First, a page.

40 years ago, the town conjured up a demon (Century) with disastrous results. Now they are about to conjure the demon again and are making the same mistakes all over again (some people ...
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At the end of World War I, the Bannerman family re-opens the Grand Hotel after a lengthy closure and a costly re-furbishing. The hotel has been in the family for a long time and John ... See full summary »
Max Vivaldi has always believed that he owns the town of Swansea, thanks to an ancient ancestral document that hangs on his wall. But instead of commanding respect, it's made him a laughing stock. Max discovers he's been right all along
Griff Rhys Jones,
40 years ago, the town conjured up a demon (Century) with disastrous results. Now they are about to conjure the demon again and are making the same mistakes all over again (some people never learn). Teenage Tess Hunter learns the truth and tries to stop a second disaster. Written by
This is a splendid children's series about a lonely teenage girl having weird experiences in a strange remote village of elderly telepaths, an early work by Russell T. Davies, reminiscent less of the new Dr Who, than some of the spookier Pertwee episodes (e.g. the Daemons).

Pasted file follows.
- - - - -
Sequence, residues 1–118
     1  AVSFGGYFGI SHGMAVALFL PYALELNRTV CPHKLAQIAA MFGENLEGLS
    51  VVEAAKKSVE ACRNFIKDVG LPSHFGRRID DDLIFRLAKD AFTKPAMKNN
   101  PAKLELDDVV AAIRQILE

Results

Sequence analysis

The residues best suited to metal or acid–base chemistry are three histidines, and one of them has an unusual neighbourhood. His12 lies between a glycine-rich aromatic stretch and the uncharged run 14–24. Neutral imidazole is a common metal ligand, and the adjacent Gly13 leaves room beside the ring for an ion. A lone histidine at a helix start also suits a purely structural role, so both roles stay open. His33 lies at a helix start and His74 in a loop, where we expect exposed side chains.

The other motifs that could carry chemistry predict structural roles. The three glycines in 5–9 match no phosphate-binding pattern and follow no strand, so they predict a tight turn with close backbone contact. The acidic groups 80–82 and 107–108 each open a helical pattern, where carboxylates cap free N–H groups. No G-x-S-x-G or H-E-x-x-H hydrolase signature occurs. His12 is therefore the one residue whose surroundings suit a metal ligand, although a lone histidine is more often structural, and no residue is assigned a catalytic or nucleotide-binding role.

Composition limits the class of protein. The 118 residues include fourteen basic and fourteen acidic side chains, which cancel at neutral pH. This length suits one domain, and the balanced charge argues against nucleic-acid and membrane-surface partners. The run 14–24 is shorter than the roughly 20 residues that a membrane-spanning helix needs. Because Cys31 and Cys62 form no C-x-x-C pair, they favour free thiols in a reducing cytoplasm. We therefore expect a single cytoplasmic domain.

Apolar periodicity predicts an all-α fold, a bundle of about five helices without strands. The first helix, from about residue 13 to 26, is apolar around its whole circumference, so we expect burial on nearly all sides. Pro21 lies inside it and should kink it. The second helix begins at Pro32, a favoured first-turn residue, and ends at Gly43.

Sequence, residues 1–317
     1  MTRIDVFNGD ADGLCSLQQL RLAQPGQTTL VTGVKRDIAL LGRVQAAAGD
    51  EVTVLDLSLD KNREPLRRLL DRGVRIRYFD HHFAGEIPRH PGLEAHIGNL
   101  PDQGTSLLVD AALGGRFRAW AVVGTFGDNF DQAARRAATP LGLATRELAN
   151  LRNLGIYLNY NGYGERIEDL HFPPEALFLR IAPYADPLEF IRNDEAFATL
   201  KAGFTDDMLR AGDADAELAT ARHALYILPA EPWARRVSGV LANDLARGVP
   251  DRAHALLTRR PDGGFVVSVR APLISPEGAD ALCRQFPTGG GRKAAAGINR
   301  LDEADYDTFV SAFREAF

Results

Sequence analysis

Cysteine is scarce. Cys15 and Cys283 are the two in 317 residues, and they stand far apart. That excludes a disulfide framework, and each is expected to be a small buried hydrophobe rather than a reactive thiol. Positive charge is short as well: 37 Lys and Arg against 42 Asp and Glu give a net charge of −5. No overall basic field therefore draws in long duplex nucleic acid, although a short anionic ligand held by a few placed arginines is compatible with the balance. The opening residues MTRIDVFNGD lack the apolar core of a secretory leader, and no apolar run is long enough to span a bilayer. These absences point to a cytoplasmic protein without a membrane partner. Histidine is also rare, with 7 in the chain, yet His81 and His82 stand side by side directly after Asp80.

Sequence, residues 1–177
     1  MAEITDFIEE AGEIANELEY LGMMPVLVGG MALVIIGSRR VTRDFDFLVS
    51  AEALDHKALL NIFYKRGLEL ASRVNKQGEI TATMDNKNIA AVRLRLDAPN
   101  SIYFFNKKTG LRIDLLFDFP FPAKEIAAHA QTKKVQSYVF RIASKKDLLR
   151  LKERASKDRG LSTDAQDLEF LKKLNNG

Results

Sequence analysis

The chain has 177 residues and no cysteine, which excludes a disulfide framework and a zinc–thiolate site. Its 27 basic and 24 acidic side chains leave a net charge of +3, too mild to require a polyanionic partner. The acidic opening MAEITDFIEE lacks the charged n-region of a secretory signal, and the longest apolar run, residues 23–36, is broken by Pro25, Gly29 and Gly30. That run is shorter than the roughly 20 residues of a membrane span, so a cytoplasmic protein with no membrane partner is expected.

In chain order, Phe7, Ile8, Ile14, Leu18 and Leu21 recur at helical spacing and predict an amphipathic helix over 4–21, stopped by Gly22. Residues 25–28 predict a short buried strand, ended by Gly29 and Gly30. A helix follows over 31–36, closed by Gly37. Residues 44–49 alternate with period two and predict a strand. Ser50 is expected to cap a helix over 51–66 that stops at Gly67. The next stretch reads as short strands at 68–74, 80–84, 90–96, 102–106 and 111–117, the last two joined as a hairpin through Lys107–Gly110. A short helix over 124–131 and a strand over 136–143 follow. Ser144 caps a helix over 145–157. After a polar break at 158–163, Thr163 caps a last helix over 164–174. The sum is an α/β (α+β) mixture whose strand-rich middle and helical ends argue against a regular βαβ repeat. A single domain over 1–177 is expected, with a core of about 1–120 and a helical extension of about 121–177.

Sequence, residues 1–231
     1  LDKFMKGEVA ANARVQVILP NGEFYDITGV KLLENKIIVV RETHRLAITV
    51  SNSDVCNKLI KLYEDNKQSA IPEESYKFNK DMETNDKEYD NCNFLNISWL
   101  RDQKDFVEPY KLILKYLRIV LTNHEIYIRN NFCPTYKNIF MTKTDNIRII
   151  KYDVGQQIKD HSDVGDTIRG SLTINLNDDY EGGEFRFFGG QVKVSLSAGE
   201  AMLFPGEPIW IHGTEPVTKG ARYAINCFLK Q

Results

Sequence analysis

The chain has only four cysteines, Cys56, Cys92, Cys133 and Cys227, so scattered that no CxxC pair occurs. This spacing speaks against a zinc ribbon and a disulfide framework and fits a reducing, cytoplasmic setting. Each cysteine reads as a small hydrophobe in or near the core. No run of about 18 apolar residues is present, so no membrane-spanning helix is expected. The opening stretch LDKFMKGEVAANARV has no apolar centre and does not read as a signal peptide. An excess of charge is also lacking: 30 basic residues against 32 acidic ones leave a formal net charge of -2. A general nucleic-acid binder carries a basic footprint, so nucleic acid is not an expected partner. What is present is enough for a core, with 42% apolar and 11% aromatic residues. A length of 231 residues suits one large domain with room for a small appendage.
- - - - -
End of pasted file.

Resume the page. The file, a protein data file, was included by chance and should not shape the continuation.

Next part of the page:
It particularly wins on atmosphere - some fantastic locations, and a brilliant musical score by the late David Ferguson make it super-eerie. It is unhurried, and its thrills are slow-burning rather than jump-out-of-your-seat.
Plot-wise, the development is excellent, as the mysteries pile up gradually before a climax borrowed from a 50s sci-fi classic (whose name I won't mention, to avoid a spoiler) and cathartic resolution, but there is probably a little too much psychobabble and occult-speak for it to make perfect sense. Like many occult dramas in the end it makes up its own rules, which detracts from the tension.
The nature of the plot divides the cast into juveniles and old troopers; it is the troopers who catch the eye. Bernard Kay and Mary Wimbush stand out with tremendous performances, but virtually everyone is on form, and it is particularly nice to see Robert James, Eileen Way, Danny Schiller and Beryl Cooke doing their stuff. The young folk are less impressive. Alex Mollo doesn't have a great deal to do other than look sinister, but manages it well, while Tatiana Strauss is a bit variable (very good at times). The children aren't convincing, and Ben in particular is too ghastly to elicit either sympathy or shivers. Heather Baskerville is excellent as Mum (and seems to wear the same jumper constantly throughout the series).
Like many small pleasures, wasted on the young. As an indication of its creepiness, anyone who recorded this off the telly in 1993 will enjoy not only the programme itself, but also the faces of the Children's BBC presenters afterwards (Andi Peters et al) who seem genuinely enthralled, particularly by the early episodes.
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